Film Review

Cuckoo for Tutus: Black Swan Is Equal Parts Disturbing and Breathtaking

Would you expect anything less from director Darren Aronofsky?

By Matthew Halverson December 9, 2010

Natalie Portman stars in dance thriller Black Swan.

Is she crazy, or is she really becoming a swan? That’s the question that Darren Aronofsky would love for you to believe drives Black Swan, his cuckoo-for-tutus tale of one ballerina’s relentless pursuit of perfection. But the more compelling one is whether he’s actually driving himself crazy in his attempt to get you to ask yourself that very question.

Aronofsky’s never been one for subtlety (see: the talking refrigerator that tormented Ellen Burstyn in Requiem for a Dream), but he’s going all in with Swan. Nina (Natalie Portman) is a technically gifted, emotionally stunted dancer who starts her day with half a grapefruit and a vigorous toe cracking. (Didn’t know that a dancer’s life is hard? Don’t worry. The camera lingers on images of both to make sure you do.) She’s also hell bent on landing the lead in her ballet company’s production of Swan Lake, a part that would require her to be something she is (graceful) and something she isn’t (sensual). And she wants it so bad, she practices her pirouettes until her toes split and bleed. If you listen closely, you can almost hear Aronofsky doing his own pirouettes behind the camera in a desperate attempt to drive home the dance-as-masochistic-quest-for-validation shtick.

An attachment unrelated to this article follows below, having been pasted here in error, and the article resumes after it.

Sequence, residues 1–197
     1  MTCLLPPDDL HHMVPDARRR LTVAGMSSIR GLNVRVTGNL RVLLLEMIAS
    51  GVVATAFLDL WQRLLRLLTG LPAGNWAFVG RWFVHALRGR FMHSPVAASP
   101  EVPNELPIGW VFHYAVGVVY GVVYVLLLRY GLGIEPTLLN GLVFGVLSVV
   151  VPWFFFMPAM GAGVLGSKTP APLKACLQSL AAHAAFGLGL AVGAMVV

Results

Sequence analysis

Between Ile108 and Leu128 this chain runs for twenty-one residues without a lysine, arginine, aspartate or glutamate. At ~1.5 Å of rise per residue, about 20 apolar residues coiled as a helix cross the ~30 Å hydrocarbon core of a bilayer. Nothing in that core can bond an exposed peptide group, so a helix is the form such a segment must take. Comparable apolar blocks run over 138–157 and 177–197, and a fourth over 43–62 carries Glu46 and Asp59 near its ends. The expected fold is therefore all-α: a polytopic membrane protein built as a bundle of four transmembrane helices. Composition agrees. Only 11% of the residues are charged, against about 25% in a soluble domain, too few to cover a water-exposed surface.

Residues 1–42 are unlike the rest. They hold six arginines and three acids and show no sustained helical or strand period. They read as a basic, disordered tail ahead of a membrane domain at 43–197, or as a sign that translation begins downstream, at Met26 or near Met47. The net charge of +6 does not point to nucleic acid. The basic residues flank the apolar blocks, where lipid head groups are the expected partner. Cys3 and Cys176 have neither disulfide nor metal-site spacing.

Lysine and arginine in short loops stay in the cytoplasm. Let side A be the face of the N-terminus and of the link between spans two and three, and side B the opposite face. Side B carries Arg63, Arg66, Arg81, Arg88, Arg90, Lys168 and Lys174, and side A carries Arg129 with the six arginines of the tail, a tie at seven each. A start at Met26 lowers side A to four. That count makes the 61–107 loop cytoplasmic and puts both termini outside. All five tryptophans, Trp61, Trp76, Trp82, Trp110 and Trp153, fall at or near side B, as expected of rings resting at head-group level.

But it works. After Nina lands the role, succumbs to her obsession, and literally gets her wings, Swan gleefully veers into a Cronenberg-esque metaphor on Method acting, and whether or not the whole thing is a figment of her imagination is beside the point. Love him or hate him, Aronofsky’s at his best when he’s operatic, and could there be a better subject through which to channel his particular brand of melodrama than the theatrics of ballet? He’s painting in starkly—and, let’s face it, chauvinistically—broad strokes of white and black as Nina wrestles with her Madonna façade and inner whore, but Portman’s portrayal of the transformation from the former to the latter is both delicate and severe. It’s disturbing. It’s bugnuts insane. And it’s a breathtaking portrait of a woman on the verge of a nervous breakdown.

Black Swan is in theaters December 9.

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